I spent the day in conversations with some of the people on society’s margins. Criminal justice, nursing homes, people with disabilities. The people America forgets. I’m really grateful that Rachel Maddow not only started pushing on this and had me on her show to discuss, but actually did the reporting to add up what’s going on.
There are roughly 1,500 nursing homes (many of which are mom and pops homes, most with shoddy safety records) which care for 1.5 million Americans. Many over 80. Most cut off from their families. 2,200 deaths in nursing homes based on what’s been reported.
So what’s going on? What did I hear? Call these anecdotes collected from probably 30 nursing homes:
- Staff infected, not tested
- Many staff going from home to home, not tested
- Many with no gear
- Hospitals refusing to take patients
- No resources to pick up bodies for days
- Management overwhelmed and unprepared
- Physicians not permitted to enter almost any place I talked to
- Short staffed because some nurses who cover more than one aren’t let in
- little to no money to invest in improvements
And most importantly:
- Incredible loneliness
- Overburdened staff can’t spend time
- Family can’t visit
- Sitting in chairs all day long
- Assistance with bathroom and cleanliness challenging
- Infection causing audible distress
My friend whose father passed away yesterday reported that there wasn’t any separation between his father and other residents. Nursing homes are required to have infection control procedures. In my experience, most are very poor at it. However, senior care centers, assisted living don’t even have those requirements.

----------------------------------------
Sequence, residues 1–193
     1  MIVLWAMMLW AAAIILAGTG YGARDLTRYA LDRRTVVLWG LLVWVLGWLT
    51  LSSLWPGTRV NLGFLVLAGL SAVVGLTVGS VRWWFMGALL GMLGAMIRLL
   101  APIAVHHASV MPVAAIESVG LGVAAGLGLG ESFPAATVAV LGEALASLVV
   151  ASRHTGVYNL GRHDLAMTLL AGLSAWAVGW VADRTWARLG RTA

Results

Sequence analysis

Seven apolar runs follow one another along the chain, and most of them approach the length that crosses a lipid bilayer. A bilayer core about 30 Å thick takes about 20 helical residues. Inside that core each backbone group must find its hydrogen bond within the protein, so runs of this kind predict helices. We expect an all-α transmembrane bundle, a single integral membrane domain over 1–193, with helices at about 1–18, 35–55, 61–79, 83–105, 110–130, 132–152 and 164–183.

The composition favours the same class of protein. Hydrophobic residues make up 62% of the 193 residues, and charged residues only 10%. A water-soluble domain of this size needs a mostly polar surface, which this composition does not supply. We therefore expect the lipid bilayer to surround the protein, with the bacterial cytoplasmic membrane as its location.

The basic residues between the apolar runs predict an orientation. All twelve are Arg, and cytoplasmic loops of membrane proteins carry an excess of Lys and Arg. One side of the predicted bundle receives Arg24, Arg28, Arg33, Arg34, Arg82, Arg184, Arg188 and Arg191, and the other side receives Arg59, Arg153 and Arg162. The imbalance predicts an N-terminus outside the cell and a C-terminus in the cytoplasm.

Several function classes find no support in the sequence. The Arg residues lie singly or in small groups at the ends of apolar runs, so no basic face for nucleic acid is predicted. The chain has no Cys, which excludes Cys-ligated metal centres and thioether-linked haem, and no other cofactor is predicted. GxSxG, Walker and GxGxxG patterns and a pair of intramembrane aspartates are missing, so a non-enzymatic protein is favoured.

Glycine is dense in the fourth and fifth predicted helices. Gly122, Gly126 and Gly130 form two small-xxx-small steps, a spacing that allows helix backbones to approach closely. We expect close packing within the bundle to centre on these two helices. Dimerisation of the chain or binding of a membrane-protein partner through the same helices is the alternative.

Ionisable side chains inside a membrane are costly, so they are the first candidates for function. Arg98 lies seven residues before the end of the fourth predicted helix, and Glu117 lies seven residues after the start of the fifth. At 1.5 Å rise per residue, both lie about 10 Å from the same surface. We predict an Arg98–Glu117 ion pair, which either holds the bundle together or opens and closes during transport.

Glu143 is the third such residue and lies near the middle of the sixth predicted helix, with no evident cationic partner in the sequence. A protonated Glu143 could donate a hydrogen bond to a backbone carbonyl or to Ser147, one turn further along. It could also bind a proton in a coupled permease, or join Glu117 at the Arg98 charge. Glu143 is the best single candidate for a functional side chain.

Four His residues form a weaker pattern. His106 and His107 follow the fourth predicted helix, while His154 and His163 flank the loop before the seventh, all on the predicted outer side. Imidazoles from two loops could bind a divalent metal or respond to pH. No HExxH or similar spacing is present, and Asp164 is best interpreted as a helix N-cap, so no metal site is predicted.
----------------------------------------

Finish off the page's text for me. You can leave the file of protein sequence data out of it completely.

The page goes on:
What I’m about to say will sound partisan. In 2016 Obama created regulations based on years of study to limit the use of anti-psychotics, improve infection control and increase safety. In 2017 to great fanfare, the Trump Admin ripped them up, decrying the 1,100 pages of regulation as an example of red tape cutting.
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When an infection hits 1 resident of a nursing home with 100 residents, many will get infected. The majority of them are at risk of dying. Rachel Maddow asked me tonight if anything could be done or if it was too hard. There is nothing more worth doing than saving these lives. I just told her what I would do if I were still there:
- Test every staff person within the next week & PPE for all
- Go to Congress for money for telemedicine, hospice and get CDC to create rules to bring in help/mental health support
- Full transparency and daily calls with all operators
Now let’s talk about veterans and the US Department of Veterans Affairs:
- Over 3000 cases in the VA
- 1/3 are staff!
- 7 VA staff have died
- Lack of PPE
- Only 20% with plans to share resources with hospitals in community who are short (I’ve been told they have spare ventilators)
I heard this from only one person (so understand it to be just one view) that the VA itself — not the doctors, but the political staff — are “nowhere to be found, completely fumbling”.
If nursing homes and the VA are bad, jails and prisons are a breeding ground for Covid-19. It’s another place where most people don’t care about those at risk. Where it’s “not me.”
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People are being kept in both the criminal and immigration detention centers in unsafe conditions. We have been very concerned in recent weeks about the talk of “ethical decisions” on who might get a ventilator. I have no envy for institutions that have to contemplate these things. But the policies land in the wrong direction. They are particularly worrisome for people living with disabilities. The notion of valuing the “quality” of someone’s life is a far cry from our ideals as a nation. This is not the time to compromise. It is exactly the time to be better.